Friday, May 1, 2015

Peter Newman's The Vagrant, and Negative Prepurchase Amazon Reviews.

I have not been updating this blog with the frequency I would have liked to maintain. But this issue is something I feel warrants a position.

Right now there is a controversy. In essence, Harper Collins released the debut fantasy novel by Peter Newman with a $15 hardcover price. The conflict arises when you navigate to the kindle side and realize the E-book is $20. That's right, the digital version is five dollars more than the physical version, which requires printing, binding, and shipping.

Needless to say, people are pissed. And rightfully so. The second part of the controversy is in how they're handling it. Already several 1 star reviews have cropped up, citing the price as justification even having not read the book, and in a way I agree with the reasoning. Price should absolutely be factored into a review, and at a $20 cost of admission I will likely never read it because I read books almost exclusively on my Kindle. In essence, the book is unacceptable in its current state, and the most effective and direct (and convenient) way to voice that would be to leave a 1-star review and cite the price, as others have done. I have not done that, nor will I. And here's why.

I decided to self-publish Sorcerous Crimes Division for a variety of reasons, namely because I was terrified of the prospect of soliciting dozens of people, in hopes for them to again solicit dozens of people in hopes the book might some day see a publisher. That's a gauntlet of blood, sweat, and tears that I just wasn't prepared to take. So I pulled up my sleeves,  painted my own cover, and pushed Tanner and Vulfort on an unsuspecting populous to a modest, but positive reception.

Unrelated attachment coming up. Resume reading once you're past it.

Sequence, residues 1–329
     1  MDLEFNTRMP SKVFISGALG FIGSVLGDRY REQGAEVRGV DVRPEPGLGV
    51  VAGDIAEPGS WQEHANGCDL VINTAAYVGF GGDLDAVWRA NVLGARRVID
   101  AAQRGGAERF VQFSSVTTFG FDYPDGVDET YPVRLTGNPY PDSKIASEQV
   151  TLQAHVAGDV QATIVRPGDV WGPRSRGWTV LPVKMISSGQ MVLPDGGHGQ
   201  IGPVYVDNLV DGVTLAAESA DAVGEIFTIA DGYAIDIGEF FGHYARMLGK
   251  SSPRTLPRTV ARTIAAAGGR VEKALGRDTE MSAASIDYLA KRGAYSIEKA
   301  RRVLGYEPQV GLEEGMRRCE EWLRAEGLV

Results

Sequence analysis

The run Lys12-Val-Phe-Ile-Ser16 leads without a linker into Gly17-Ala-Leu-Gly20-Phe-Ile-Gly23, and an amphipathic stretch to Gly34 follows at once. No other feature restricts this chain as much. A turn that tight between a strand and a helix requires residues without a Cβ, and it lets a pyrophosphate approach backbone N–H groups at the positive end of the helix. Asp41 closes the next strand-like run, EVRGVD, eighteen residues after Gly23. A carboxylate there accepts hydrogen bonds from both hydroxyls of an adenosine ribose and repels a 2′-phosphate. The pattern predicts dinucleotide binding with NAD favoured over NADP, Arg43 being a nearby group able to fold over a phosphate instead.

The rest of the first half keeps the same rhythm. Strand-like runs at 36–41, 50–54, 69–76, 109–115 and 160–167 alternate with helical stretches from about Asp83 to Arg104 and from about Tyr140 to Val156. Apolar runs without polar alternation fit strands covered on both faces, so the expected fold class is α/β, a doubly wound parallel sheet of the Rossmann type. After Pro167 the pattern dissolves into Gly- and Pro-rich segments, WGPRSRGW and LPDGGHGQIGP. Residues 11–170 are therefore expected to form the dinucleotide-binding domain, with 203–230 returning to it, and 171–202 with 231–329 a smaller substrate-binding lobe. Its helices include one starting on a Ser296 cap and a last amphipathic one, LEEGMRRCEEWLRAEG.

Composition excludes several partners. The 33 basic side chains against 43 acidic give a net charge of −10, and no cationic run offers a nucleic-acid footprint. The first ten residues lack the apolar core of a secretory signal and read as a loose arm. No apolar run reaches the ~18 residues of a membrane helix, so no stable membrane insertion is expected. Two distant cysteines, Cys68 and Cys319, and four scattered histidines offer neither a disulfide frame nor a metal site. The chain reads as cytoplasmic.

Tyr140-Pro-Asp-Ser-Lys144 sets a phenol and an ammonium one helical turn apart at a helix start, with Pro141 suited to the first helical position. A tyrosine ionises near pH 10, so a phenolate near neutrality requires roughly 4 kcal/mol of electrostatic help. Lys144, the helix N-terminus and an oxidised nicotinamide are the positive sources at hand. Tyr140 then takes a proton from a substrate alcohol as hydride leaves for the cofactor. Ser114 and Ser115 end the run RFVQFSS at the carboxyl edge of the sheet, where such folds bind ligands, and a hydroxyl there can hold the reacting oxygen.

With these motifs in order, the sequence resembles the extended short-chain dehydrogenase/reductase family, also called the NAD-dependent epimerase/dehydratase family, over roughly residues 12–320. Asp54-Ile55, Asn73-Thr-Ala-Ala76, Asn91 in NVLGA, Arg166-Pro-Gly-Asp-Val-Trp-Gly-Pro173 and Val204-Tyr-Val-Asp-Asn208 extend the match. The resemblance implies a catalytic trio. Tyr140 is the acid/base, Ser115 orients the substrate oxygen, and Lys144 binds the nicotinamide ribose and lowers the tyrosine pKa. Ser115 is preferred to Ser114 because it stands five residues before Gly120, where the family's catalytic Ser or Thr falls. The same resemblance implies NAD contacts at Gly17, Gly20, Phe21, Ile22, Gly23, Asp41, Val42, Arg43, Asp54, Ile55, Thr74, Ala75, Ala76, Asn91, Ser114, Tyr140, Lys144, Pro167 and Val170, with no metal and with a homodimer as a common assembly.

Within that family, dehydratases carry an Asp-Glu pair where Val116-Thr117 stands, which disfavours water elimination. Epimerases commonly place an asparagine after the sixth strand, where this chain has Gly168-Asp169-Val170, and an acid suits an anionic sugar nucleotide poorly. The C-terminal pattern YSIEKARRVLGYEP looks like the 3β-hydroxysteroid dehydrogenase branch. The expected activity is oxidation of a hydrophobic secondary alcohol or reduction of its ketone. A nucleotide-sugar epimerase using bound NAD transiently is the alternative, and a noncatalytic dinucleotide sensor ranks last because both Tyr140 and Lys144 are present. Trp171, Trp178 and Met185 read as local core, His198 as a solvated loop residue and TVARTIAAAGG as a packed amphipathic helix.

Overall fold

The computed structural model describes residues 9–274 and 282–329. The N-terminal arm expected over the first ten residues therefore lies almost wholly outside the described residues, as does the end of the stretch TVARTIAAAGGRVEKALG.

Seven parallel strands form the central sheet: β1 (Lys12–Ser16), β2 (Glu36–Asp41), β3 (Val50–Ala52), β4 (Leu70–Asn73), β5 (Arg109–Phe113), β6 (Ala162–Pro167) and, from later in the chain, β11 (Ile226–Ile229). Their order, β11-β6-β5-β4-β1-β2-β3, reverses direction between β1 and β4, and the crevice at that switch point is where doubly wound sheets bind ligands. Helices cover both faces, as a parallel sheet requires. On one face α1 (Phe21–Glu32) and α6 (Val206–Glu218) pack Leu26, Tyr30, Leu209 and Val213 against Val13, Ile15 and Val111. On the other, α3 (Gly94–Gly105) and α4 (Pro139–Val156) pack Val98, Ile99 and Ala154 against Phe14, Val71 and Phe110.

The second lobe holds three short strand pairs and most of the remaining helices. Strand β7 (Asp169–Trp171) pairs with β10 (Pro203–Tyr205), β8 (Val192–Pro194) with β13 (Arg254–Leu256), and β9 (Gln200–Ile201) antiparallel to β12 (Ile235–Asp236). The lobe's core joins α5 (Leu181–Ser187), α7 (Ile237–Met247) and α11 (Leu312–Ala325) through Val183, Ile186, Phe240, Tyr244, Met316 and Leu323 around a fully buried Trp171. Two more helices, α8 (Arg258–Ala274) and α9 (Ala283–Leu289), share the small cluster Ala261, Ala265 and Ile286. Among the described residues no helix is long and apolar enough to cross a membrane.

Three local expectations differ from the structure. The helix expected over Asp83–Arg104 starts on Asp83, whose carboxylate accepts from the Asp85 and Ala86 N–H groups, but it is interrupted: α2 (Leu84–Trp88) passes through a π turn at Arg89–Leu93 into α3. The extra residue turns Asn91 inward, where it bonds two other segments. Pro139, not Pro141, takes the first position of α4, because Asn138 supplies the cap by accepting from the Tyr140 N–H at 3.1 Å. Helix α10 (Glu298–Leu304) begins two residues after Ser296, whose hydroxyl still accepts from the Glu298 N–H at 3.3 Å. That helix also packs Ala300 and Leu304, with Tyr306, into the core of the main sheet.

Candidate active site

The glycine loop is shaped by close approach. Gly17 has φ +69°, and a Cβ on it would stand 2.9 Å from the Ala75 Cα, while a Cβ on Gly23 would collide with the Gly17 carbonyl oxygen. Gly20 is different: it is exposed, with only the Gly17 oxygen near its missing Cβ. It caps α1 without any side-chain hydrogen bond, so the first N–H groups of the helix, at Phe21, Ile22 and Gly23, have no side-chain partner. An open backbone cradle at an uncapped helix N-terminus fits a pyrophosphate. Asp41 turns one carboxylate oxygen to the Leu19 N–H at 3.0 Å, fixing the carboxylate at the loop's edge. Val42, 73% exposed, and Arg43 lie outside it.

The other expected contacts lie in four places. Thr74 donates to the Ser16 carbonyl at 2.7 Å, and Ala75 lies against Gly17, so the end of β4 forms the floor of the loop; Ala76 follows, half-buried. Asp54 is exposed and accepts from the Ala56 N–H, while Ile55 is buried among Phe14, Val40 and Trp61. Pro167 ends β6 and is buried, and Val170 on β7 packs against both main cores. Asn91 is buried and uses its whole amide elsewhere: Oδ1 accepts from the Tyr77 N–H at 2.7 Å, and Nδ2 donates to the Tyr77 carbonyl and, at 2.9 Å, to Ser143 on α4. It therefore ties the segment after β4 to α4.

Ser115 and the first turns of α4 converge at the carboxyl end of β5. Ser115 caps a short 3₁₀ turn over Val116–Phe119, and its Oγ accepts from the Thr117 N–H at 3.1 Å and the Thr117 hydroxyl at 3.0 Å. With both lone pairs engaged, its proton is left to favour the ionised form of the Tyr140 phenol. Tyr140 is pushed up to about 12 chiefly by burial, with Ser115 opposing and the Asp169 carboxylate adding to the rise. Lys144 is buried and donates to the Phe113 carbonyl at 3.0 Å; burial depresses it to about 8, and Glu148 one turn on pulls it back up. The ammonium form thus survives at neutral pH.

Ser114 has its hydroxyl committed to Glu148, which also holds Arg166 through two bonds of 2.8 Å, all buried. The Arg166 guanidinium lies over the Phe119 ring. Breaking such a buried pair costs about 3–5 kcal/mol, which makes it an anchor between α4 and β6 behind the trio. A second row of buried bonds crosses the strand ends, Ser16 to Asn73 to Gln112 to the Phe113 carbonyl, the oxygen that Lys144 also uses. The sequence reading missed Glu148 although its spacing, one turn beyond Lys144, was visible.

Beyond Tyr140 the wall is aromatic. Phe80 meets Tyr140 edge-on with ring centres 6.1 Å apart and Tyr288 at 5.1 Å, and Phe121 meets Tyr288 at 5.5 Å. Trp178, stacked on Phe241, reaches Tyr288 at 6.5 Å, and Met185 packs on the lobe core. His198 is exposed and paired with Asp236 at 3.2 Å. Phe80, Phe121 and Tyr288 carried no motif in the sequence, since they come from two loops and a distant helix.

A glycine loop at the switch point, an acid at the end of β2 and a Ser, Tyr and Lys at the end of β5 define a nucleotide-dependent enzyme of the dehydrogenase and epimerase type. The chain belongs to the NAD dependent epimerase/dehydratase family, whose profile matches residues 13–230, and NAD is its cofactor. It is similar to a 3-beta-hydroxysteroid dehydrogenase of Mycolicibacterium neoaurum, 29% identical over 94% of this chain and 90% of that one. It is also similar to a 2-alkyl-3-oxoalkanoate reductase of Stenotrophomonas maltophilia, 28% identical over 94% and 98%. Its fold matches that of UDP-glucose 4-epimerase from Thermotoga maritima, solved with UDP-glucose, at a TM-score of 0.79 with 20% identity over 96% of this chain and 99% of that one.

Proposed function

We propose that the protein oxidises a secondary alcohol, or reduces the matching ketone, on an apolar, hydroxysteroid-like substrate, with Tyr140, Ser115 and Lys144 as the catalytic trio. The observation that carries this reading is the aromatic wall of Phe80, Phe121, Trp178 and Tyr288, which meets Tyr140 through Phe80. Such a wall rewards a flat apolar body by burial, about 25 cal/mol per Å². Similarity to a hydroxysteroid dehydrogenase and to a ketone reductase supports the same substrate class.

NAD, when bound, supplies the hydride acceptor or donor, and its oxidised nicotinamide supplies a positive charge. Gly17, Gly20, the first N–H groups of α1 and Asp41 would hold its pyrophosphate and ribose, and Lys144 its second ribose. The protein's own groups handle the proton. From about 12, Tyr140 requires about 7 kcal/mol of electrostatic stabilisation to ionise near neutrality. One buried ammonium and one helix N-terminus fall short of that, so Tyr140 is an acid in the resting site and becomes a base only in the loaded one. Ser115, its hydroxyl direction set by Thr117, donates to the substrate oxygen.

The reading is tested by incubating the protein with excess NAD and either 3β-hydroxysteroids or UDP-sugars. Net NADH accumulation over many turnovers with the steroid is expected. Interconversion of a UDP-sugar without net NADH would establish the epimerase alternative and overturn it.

But If

If I had chosen to go with traditional publishing for my first fantasy novel. And if the publisher decided to use my precious work, and my blood sweat and tears on (what looks to be) some sort of e-book pricing gambit to drive potential buyers to hardcover sales, and if people responded by flooding the page with 1-star reviews... Well, I would be absolutely crushed. It's not hard to imagine my book, sitting at 4.5 stars, dropped to 1.5 or 2 stars because of someone else's actions, and I know that I, as an author, would be devastated. I probably would not have continued to write, and I wouldn't be finishing my second book now and beginning my third.

So please, think before you post a 1-star review that will follow that author just because you're upset with a publisher decision instead. An email to the publisher can make your feelings just as clear without harming Peter Newman's chances as an author.

-Scott Warren

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